Thom van Dooren

I am an Associate Professor of Environmental Humanities and an Australian Research Council (ARC) Future Fellow (2017-2021) at the University of New South Wales in Sydney, Australia. My research is situated in the broad interdisciplinary field of the environmental humanities. My current work focuses primarily on the philosophical and ethical dimensions of species extinctions, and is rooted in an approach that draws the humanities into conversation with ecology, biology, ethology and ethnographic work with communities whose lives are entangled with disappearing species in a range of different ways.

I am currently working on a research project focused on changing human/crow relationships in five key sites around the world: from “overabundant” corvids to the critically endangered.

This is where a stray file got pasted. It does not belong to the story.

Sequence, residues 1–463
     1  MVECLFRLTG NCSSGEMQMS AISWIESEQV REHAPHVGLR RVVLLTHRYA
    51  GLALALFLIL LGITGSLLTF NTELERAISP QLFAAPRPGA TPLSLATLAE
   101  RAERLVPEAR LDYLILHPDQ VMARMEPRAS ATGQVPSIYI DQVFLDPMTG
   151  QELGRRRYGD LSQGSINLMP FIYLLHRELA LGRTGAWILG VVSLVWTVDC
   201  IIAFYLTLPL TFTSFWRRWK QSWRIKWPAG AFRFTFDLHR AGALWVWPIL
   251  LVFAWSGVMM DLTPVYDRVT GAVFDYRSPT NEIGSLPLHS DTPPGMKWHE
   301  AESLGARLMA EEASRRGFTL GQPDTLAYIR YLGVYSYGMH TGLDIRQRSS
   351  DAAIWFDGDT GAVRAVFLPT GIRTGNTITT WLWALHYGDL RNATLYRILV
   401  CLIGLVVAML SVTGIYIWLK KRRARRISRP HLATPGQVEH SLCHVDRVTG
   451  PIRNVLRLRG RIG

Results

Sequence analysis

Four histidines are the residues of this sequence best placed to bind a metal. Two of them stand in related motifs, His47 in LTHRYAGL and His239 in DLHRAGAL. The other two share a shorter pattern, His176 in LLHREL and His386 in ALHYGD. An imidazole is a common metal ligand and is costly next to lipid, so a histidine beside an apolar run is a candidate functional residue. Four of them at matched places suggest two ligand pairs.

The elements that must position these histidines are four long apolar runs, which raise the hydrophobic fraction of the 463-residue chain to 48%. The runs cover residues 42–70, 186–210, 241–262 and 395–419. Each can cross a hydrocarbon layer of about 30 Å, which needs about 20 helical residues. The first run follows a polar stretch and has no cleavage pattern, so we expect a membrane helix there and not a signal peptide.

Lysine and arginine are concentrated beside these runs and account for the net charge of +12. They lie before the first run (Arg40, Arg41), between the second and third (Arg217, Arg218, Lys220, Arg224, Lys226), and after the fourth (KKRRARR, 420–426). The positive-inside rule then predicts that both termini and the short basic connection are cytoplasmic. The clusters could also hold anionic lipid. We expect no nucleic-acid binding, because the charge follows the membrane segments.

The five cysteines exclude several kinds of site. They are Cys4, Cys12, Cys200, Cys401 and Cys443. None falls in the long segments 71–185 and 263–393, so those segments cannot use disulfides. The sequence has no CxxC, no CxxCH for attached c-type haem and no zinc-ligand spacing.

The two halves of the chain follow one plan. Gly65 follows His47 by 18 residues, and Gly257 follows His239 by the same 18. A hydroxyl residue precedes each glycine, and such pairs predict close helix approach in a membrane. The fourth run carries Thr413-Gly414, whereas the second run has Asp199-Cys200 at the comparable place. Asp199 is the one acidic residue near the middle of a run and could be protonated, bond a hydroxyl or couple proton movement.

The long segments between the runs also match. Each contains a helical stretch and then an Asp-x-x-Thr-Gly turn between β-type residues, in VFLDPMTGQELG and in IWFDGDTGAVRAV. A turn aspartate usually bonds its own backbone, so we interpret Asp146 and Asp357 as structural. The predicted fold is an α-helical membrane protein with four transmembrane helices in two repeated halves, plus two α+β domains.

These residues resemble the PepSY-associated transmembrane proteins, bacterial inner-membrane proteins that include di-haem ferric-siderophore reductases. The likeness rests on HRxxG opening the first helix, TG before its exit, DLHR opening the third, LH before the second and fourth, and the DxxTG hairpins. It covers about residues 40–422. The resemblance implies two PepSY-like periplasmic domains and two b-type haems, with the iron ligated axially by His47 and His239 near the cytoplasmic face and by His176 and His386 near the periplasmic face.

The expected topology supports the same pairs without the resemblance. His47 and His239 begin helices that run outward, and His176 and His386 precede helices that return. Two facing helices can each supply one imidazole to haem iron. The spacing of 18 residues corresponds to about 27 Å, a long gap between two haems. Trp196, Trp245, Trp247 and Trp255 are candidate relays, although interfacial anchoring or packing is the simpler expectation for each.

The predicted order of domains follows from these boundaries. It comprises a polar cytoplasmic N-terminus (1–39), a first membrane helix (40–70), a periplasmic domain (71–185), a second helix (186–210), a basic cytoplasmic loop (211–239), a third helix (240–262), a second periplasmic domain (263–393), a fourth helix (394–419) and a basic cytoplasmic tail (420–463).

Prior to this research, I spent five years working on a book that focused on several species of birds that are approaching extinction to explore what the absence of particular life forms (and their forms of life) might mean: what is really lost here, what does this loss bring with it, and what does this situation tell us about ourselves and our place in a changing world? Each chapter of the book focuses on a different species or group of birds: North Pacific albatrosses, Indian vultures, an endangered colony of penguins in Australia, Hawaiian crows, and the iconic whooping cranes of North America. Flight Ways: Life at the Edge of Extinction (Columbia University Press, 2014). More information.

With Deborah Bird Rose I also co-edited a collection titled Unloved Others: Death of the Disregarded in the Time of Extinctions (2011, Australian Humanities Review). For more information and a full list of publications.